3D printing is a disruptive technology, but it’s also becoming more mainstream. Not only does that bode well for accessibility to the technology, but it could increase the allure of 3D printing investments, including the 3D Printing ETF (PRNT ).
PRNT’s underlying index index “is composed of equity securities and depositary receipts of exchange-listed companies from the U.S., non-U.S. developed markets and Taiwan that are engaged in 3D printing-related businesses within the following business lines: (i) 3D printing hardware, (ii) computer-aided design (“CAD”) and 3D printing simulation software, (iii) 3D printing centers, (iv) scanning and measurement, and (v) 3D printing materials,” according to Ark.
Manufacturing is one industry that’s bringing 3D printing into the mainstream.
“3D printing technology is slowly cementing its role as a key part of the manufacturing mix, continuing its journey towards industry 4.0. It has already lowered the barriers to entry for manufacturing, allowing enterprises across many industries to respond to customer demands while offering greater customization of products and speed to market,” according to GlobalData research.
PRNT Is Evolving
ARK, PRNT’s issuer, believes 3D printing will revolutionize manufacturing by collapsing the time between design and production, reducing costs, and enabling greater design complexity, accuracy and customization than traditional manufacturing.
Data confirm that the 3D printing market is growing at an exponential rate, indicating PRNT has solid long-term potential.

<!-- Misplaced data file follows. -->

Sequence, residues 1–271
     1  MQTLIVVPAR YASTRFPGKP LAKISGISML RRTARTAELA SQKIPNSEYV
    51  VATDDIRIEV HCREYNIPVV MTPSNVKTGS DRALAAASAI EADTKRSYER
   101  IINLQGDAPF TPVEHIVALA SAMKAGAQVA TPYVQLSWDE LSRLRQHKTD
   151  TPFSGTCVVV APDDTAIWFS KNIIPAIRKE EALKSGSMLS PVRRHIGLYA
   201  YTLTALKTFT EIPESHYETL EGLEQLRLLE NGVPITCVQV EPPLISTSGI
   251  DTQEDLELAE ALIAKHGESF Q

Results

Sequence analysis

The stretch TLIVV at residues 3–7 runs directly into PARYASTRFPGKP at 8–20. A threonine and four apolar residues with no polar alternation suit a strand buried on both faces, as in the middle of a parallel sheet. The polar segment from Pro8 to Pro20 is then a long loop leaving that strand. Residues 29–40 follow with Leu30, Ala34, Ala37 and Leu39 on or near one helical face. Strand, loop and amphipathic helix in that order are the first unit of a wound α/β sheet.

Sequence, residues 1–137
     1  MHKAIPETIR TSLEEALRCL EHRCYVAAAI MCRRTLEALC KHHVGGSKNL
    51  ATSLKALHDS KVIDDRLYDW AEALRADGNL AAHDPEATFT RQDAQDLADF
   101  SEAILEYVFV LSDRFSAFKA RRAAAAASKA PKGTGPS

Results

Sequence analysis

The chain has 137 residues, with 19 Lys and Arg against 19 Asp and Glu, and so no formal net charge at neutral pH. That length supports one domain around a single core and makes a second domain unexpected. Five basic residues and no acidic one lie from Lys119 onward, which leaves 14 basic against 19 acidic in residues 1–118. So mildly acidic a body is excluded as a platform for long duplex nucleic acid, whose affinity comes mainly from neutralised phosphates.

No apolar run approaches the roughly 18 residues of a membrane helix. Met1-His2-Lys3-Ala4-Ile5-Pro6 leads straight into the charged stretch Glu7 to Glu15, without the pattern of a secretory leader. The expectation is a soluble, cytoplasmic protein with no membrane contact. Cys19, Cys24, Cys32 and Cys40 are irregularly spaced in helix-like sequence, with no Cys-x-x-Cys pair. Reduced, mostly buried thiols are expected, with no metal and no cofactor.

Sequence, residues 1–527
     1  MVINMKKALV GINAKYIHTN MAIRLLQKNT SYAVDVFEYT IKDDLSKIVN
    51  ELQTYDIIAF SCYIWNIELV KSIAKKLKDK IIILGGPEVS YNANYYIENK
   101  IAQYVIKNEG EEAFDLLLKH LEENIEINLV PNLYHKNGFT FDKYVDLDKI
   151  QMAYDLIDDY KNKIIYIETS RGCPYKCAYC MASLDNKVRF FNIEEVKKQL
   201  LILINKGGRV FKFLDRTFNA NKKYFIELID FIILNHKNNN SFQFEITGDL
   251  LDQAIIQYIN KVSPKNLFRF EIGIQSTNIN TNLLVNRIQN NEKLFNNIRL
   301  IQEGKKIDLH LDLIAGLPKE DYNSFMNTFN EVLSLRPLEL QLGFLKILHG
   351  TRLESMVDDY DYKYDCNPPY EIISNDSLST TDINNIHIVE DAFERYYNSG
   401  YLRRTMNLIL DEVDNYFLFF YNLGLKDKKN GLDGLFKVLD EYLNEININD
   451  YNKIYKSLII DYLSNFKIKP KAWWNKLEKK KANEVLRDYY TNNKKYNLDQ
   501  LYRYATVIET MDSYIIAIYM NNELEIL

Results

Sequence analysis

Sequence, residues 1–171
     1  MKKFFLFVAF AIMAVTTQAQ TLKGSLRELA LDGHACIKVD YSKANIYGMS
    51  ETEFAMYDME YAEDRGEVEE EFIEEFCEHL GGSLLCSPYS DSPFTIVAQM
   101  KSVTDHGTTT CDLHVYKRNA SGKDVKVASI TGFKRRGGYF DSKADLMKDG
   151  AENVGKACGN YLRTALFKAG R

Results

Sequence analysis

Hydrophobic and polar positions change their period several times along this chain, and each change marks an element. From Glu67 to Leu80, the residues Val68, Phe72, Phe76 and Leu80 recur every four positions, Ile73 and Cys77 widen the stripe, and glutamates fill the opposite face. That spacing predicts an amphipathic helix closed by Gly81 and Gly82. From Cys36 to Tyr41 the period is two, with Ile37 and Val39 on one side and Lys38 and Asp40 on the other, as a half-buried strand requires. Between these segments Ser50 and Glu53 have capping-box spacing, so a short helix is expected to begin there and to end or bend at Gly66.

“3D printing has leaped from the proof-of-concept stage to a viable manufacturing alternative, demonstrating its potential in real-world environments, notably in industries such as aerospace and defense, construction, consumer and automotive,” said Venkata Naveen, Disruptive Tech Analyst at GlobalData.
Healthcare, including dental, is one of many markets that could prove to be a potent catalyst for PRNT in the year ahead.
“The market for 3D printing in healthcare is growing rapidly, particularly for the manufacturing of medical devices. One of the greatest advantages of the technology is the freedom to produce custom-made and on-demand medical products and equipment. Moreover, the availability of open-source product designs is helping 3D printing startups to mass-produce essential medical equipment,” according to GlobalData.
Automotive is another arena ripe for 3D printing disruption.
“The automotive sector is ripe for 3D printing. Besides its extensive use for rapid prototyping, the technology is being used to produce parts such as tail lights, bumpers and parking brake brackets. The technology not only helps the aesthetic design of vehicles but also allows lower consumption of materials and wastage which is beneficial for all stages of manufacturing,” notes GlobalData.
This article originally appeared on ETFTrends.com.